An Associated Press-GfK poll has found that 11 percent of an admittedly small sample of Americans insured through their employer or a family member's employer are losing their coverage in 2014. The related AP report relays that point and even has a graphic supporting it.
But reporters Ricardo Alonso-Zaldivar and Jennifer Agiesta failed to make the drop-dead obvious connection. According President Barack Obama and his White House spinmeisters, nothing is changing as a result of Obamacare if you're employed, and Obama's false guarantee that "if you like your plan, you can keep your plan" only applies to those in the private individual insurance market. Tell that to the 11 percent.
To do so, she reinvented what it is to be "rich" or "affluent." It apparently has nothing to do with how it is normally defined, i.e., based on current net worth (assets owned minus debts owed). Ms. Yen's and AP's yearning is apparently to base it on whether you're in a household which has had annual earnings above $250,000 — ever. Really. The purpose of the piece appears to be to go after this segment of the population, such as it is, because they aren't knee-jerk supporters of limitless government spending, and won't spend money on consumption to improve the economy like Keynesians think they're supposed to. Be on the lookout for a clearly misused word (HT to emailer Alfred Lemire; bolds are mine throughout this post):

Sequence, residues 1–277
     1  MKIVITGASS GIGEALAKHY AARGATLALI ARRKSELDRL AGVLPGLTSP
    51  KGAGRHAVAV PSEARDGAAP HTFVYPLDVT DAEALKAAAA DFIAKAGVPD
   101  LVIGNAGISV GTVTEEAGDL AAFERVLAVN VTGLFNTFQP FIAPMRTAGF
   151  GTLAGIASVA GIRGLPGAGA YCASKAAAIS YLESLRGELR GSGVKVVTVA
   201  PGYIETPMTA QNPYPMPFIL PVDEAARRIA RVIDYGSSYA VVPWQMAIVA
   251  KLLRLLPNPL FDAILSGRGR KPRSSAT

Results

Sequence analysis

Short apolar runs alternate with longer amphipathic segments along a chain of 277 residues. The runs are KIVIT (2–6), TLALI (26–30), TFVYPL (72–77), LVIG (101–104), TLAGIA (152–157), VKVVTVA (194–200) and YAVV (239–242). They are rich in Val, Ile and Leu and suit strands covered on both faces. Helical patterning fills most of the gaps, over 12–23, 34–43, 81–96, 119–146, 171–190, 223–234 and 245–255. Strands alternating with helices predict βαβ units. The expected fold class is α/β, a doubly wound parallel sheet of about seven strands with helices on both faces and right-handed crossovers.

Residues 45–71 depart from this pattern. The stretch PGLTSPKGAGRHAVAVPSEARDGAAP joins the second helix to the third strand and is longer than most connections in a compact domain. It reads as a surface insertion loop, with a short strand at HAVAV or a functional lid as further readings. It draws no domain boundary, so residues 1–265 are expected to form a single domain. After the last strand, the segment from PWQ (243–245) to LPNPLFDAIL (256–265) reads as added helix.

The latest and possibly last (we can hope) preelection poll from partnership between the Associated Press and GfK Roper International purportedly tells us that most of us "now express prejudice toward blacks" whether we "recognize those feelings or not."
That's the conclusion communicated by AP reporter Sonya Ross and wire service deputy director of polling Jennifer Agiesta. In case we don't get the point, the item's accompanying photograph at the AP national site, Yahoo News and likely elsewhere is of Barack Obama, who despite the recognized and unrecognized racism of most Americans managed to carry 53% of the vote in 2008. Contrary to the report's headline, the AP pair admit that the AP-GfK poll results alone (done online, to add insult to injury) don't prove the point they're trying to make; other bizarre tests are also involved.
The chefs in the kitchens at AP-GfK, a joint effort of the Associated Press and GfK Roper Public Affairs & Corporate Communications, have been working overtime cooking up a scrumptious dish for fans of Barack Obama and the Democratic Party.
President Barack Obama's approval rating has hit its highest point in two years - 60 percent - and more than half of Americans now say he deserves to be re-elected, according to an Associated Press-GfK poll taken after U.S. forces killed al-Qaida leader Osama bin Laden.
In March, the same poll had the president's approval rating at 53%. The graphic which follows, obtained from the the poll's "topline" at AP-GfK's web site, reveal that the AP pair enjoy feasting on empty calories: